Hopedance Magazine

Doing it Disabled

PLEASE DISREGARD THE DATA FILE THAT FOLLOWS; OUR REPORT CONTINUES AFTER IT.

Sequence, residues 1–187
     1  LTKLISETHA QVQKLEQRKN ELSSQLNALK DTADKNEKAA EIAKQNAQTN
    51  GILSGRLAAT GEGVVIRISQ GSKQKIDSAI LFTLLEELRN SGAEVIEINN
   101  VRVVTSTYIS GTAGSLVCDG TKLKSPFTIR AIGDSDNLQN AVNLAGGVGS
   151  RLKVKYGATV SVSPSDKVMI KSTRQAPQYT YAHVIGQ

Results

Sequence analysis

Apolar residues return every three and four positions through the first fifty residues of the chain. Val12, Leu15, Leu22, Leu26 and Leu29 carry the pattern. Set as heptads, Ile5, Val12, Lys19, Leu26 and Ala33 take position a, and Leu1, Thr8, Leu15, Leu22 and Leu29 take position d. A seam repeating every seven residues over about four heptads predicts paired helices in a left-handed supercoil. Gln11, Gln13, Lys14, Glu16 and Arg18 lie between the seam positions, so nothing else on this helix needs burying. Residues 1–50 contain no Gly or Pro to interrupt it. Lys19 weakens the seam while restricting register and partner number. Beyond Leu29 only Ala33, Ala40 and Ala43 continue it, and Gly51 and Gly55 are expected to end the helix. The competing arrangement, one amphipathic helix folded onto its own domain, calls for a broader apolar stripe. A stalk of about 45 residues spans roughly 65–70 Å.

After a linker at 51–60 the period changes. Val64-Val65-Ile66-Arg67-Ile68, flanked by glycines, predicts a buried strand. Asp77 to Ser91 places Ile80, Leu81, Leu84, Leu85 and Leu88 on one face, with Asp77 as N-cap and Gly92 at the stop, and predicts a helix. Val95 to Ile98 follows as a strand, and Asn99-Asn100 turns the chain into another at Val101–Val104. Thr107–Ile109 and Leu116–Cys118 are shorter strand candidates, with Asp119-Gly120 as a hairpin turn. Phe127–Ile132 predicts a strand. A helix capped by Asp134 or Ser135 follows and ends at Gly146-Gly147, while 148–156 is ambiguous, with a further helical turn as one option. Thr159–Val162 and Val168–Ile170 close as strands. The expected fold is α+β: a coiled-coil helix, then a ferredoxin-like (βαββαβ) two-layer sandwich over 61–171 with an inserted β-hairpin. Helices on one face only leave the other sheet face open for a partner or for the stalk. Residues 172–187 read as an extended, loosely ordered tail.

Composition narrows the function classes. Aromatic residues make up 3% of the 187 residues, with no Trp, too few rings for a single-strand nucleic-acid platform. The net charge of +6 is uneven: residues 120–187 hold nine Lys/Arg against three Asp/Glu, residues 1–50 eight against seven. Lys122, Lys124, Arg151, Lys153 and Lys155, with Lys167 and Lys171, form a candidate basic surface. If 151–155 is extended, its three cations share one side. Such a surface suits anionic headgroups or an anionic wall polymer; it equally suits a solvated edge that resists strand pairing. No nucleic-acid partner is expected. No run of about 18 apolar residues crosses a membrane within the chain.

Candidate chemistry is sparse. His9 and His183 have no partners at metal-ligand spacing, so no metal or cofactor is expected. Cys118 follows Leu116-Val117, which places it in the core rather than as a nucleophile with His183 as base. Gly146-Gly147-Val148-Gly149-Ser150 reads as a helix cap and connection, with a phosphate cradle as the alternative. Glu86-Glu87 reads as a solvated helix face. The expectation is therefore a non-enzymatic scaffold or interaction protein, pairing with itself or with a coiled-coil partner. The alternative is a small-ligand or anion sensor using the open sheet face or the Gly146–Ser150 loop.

My sexuality is fluid. It flows with my state of mind, my health, my clothing -- my general attitude. It flows like the tide, ebbing and peaking from the pull of the moon. I don't believe I'm alone in this peculiarity of life.Looking back over my years, I observe a map of my self-esteem. It is a reflection of my claimed status in life -- how I felt about myself and my surroundings at each interval. I see its valleys and mountains and remember time and place. Lows -- when I was 24, the mother of three children, and feeling very unloved, unwanted, and undesirable. And highs -- a 31 year-old single mother who worked as an apprentice machinist, made good money, and knew my abilities and my sexual being. I felt strong, secure and sexually confident. I projected that image.I did take a side-trip between then and now -- and that probably made more of a difference in my sexual existence than I will ever know.I was married (for the third time) at the age of 33. The man caught my eye, caught my heart, and gave me the ability to be myself without apology. He also gave me a great lesson on sexuality. I was injured in an automobile accident less than two months after we married. I am paralyzed from mid-nipple down and use a wheelchair for mobility. Three years after the accident, I was still struggling to find my place. Who I was. What was left.I felt down. Lost. One night, in daring and desperate conversation, I told my husband that I no longer felt like a sexual being. His answer stung, but made all the difference in my life. He studied me carefully and replied, "That is not my problem." Instantly, I knew exactly where the problem lie. It was my state of mind. I knew I could perform physically, I'd discovered that aspect of my sexual identity was still intact shortly after my injury. I needed to take a good hard look at how I perceived my sexual self in relation to the world, find my shortcomings and adjust my viewpoint. I needed to stop projecting negative thoughts about my sexuality.Victoria really does have a secret -- clothing does have a great influence on our sexuality. There is a sexual direction driven by appearance and how we feel about ourselves. After my injury, hospitalization (months of nothing but hospital gowns) and rehabilitation (where learning to dress oneself again usually involved wearing sweat-pants on a daily basis), the importance of apparel had dimmed in my memory. I also had to fight with the grief I felt after coming home from the rehabilitation hospital and seeing my former attire -- that no longer fit my body -- hanging in my closet and folded forgotten in my drawers. High heels, short skirts and dresses that no longer worked with my physique made me mourn for my former self. Work pants and boots -- no longer a choice -- made me weep. They reminded me of my former employment and the job I could no longer do. I had to find my new identity whether I wanted it or not.I decided my first step would be one that drove me back out into the world and I enrolled in college. Once I overcame insecurities about my use of a wheelchair (and the fact that I was old enough to be the mother of most of my fellow students), I began to find a sense of self-esteem. I didn't even notice that it had happened, but amazingly, I discovered myself transformed into something desirable and necessary. I no longer projected negative thoughts about myself and could see the difference in how others viewed and treated me. I began to paint my nails and wonder about new hair colors. I flirted once again. The change came from within -- as all changes must. This might sound pretty shallow, but it has real depth.What's up with sex? My ability to physically climax is still an enigma after 14 years of paralysis. I understand that orgasm is 99 percent brain energy, but the physical part is where I become confused. How can a woman not feel a touch, or even a deep cut in the damaged area of their body, but react to stimulation to their clitoris? Women with paralysis have much better odds of achieving climax after injury than men. In reality, we probably have about the same odds as women who are able-bodied. We are also able to bear children without problem.A male quadriplegic friend, who was injured in his early 20's, once told me that "Black Monday", when the stock market crashed in 1987, was almost as castrating to him as his original injury. Over the years he had played the stock market and did quite well. He explained that he had transferred his sexual ability to take care of a woman to his financial capability. He was pretty straight forward with his inner feelings and I understood that I was lucky to be a woman when it came to sexual performance with a spinal cord injury.Men with spinal cord injury have a much more difficult time adjusting to life and their new sexual identity than women -- in my opinion. Not only do they have to stress and mourn the fact that they are no longer the bread-winner in their usual way, but their sexual performance is not what it used to be. Nowadays, medication (such as Viagra) helps compensate for the difficulty of achieving an erection, but men must still deal with insemination problems and the apprehension of truly satisfying a partner.The bottom-line is that adding disability to one's sexual identity definitely keeps life from getting boring. One consoling thought is that I didn't have to endure the slow diminishing effects created by aging. I dealt with many of these insecurities early in life and realized that my position, my claimed status and attitude, belonged mainly to my self-esteem. I created its securities within my own being. Now, at age 47, I feel no lack of sexual identity. That doesn't mean I'm safe from future feelings of insecurity and loss of self-esteem. It happens at all ages.We are sexual creatures. Preening oneself before an encounter with our environment is a compulsion. We establish communication, assert our rightful place, and move ahead. Unfortunately, it can be that simple. Usually, the only thing holding us back is an unwillingness to participate in our social environment. Much of this hesitation spawns from television commercials and magazine advertisements that portray people as beautiful, seductive, and successful. These influences are powerful and can easily prey on our insecurities.Marriage has a defined calling with those of us who are disabled. It calls on each of us to accept one another and live within its constraints. It asks our spouses to accept an almost unacceptable condition and embrace it with unconditional love. In retrospect, I believe that this is a predicament that sweeps across every intimate relationship. No one is truly different when it comes to affairs of the heart.We are one.Flicka Dukes lives and works from her home near Creston. She is a former publisher and editor of a newspaper that addressed issues surrounding the elderly and people with disabilities.